Putumayo World Music: World Hits
Product DescriptionPutumayo World Music: World Hits. This CD pays tribute to amazing chart toppers across the globe including Santana, Peter Tosh with Mick Jagger, Youssou N'Dour and Manu Dibango, among others.
For those of you who don’t consider yourselves fans of world music, we have a few words that you’re sure to understand: Santana. Lambada. Mick Jagger… yes, Mick Jagger. Though most world music exists largely under the radar, every once in a while a song comes along that achieves international success. For World Hits, Putumayo World Music turns its attention to these crossover success stories, bringing together chart toppers from around the globe.
In 1963, Latin jazz legend Tito Puente composed “Oye Como Va” for his album El Rey Bravo. Seven years later, Latin rock group Santana turned the rock world upside down, as their version of the song soared up the charts. Group leader Carlos Santana said he knew “without a shadow of a doubt that ‘Oye Como Va’ was a party song” when he heard it.
Coincidentally, Cuban musician Mongo Santamaria was a member of Puente’s band for 6 years before going out on his own in the late 1950s. Santamaria’s big crossover hit came in 1963, with his version of the Herbie Hancock composition “Watermelon Man.” The song reportedly entered his repertoire after a failed gig at a Cuban nightclub in the Bronx. When only 3 people showed up, the musicians had a jam session which included substitute pianist Hancock playing his original for the “crowd.”
Another crossover hit comes from the French group Gipsy Kings, whose eponymous 1988 release brought the world “Bamboleo.” The song connected the dots between salsa, flamenco and pop, and its recognizable chorus is now a staple of the soundtracks of cafes, bars and restaurants across the globe.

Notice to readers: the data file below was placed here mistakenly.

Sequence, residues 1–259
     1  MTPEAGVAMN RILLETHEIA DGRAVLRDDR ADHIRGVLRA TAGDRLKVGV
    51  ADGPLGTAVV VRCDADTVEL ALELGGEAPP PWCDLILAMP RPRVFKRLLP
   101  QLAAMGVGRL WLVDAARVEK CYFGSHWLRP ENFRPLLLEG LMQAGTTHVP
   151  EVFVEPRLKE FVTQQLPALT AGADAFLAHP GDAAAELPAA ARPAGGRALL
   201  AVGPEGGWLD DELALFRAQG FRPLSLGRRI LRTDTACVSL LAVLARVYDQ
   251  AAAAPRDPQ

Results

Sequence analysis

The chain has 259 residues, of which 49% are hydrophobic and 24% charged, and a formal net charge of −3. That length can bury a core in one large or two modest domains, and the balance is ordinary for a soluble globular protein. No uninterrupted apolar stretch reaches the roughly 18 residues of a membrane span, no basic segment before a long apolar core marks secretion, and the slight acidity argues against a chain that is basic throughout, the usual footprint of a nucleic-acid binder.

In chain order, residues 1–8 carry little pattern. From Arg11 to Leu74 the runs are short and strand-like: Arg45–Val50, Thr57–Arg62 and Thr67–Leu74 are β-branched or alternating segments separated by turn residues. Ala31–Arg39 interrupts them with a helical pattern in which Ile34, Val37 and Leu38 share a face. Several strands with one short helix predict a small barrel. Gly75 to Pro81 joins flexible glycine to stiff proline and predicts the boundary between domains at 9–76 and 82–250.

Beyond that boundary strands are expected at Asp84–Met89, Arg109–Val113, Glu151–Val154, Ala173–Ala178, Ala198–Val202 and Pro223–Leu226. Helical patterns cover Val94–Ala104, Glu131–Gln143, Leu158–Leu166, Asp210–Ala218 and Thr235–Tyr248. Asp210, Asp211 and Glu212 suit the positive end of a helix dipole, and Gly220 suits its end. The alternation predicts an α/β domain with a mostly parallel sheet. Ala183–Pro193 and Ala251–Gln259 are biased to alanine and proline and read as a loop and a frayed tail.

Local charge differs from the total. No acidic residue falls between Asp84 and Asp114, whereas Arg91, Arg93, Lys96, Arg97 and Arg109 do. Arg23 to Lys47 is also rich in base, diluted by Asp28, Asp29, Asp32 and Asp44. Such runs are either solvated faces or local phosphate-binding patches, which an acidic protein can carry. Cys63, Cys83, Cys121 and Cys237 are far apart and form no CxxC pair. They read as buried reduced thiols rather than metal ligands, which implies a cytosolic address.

The following year, another French hit spread like wildfire. “Lambada” swept first across Europe and then throughout the rest of the world. Though promoted as the “forbidden dance” of Brazil, it was actually a Portuguese adaptation of the Bolivian song “Llorando Se Fue.” The hit version of the song was performed by the French group Kaoma, comprised of members of Touré Kunda and fronted by Brazilian singer Loalwa Braz. Touré Kunda, who helped pioneer and popularize Afropop, adds “E’mma” to this collection.
Four other songs on World Hits also come from the musically rich continent of Africa. Manu Dibango’s funky “Soul Makossa” became a surprise Top 40 hit in 1973.World music superstar Youssou N’Dour and soul singer Neneh Cherry provide the instantly-recognizable “7 Seconds,” while Johnny Clegg and Savuka contribute “Scatterlings of Africa” from the 1987 platinum-selling release Third World Child. And Miriam Makeba, one of Africa’s most popular musical exports, delivers the classic “Pata Pata, ” an international hit in 1967 that became the first African song to reach Top 20 on the Billboard pop charts.
And now back to Mick Jagger. The Rolling Stones’ front man met the enigmatic Peter Tosh at the renowned One Love Peace Concert in Kingston, Jamaica in 1978. Jagger joined Tosh on a cover of the Temptations hit “(You Gotta Walk) Don’t Look Back.” This pairing of a roots reggae pioneer with a rock and roll legend broke into the top 100 and helped introduce Tosh to a worldwide audience.
Jimmy Cliff had already become one of Jamaica’s most popular performers by the time the film The Harder They Come was released in America in 1975. The movie became a cult classic and made Cliff a household name.The film helped break reggae music in America and Cliff is still considered a reggae icon.